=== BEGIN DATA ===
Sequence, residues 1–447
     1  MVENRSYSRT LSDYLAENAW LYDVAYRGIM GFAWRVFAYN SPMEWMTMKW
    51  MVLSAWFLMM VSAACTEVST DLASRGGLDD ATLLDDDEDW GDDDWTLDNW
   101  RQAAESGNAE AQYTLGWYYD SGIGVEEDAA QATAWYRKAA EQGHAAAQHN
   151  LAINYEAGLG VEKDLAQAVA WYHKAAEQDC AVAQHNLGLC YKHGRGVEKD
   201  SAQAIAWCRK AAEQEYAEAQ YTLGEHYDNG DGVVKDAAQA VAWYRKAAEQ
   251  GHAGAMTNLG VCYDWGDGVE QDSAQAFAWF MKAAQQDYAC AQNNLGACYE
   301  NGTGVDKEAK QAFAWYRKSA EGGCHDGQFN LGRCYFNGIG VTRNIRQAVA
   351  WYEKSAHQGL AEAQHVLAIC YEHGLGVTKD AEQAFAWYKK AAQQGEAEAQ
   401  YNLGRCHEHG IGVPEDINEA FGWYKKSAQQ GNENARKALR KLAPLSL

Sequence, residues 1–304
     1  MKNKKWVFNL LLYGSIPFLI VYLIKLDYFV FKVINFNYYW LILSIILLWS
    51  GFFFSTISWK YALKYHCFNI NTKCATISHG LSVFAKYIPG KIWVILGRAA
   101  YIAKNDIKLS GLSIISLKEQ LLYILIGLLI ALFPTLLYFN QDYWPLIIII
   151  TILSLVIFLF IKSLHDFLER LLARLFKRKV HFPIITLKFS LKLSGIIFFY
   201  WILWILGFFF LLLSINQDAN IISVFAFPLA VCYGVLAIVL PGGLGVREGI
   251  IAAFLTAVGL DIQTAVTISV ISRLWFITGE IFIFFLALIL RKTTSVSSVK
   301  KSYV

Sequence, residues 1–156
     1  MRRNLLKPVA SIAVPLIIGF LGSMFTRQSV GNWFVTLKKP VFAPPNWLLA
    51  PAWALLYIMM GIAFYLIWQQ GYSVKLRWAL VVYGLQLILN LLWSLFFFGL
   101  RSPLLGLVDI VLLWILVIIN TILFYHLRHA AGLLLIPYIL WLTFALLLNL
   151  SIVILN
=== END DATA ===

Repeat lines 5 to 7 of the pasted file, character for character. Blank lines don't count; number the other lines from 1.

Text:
   151  LAINYEAGLG VEKDLAQAVA WYHKAAEQDC AVAQHNLGLC YKHGRGVEKD
   201  SAQAIAWCRK AAEQEYAEAQ YTLGEHYDNG DGVVKDAAQA VAWYRKAAEQ
   251  GHAGAMTNLG VCYDWGDGVE QDSAQAFAWF MKAAQQDYAC AQNNLGACYE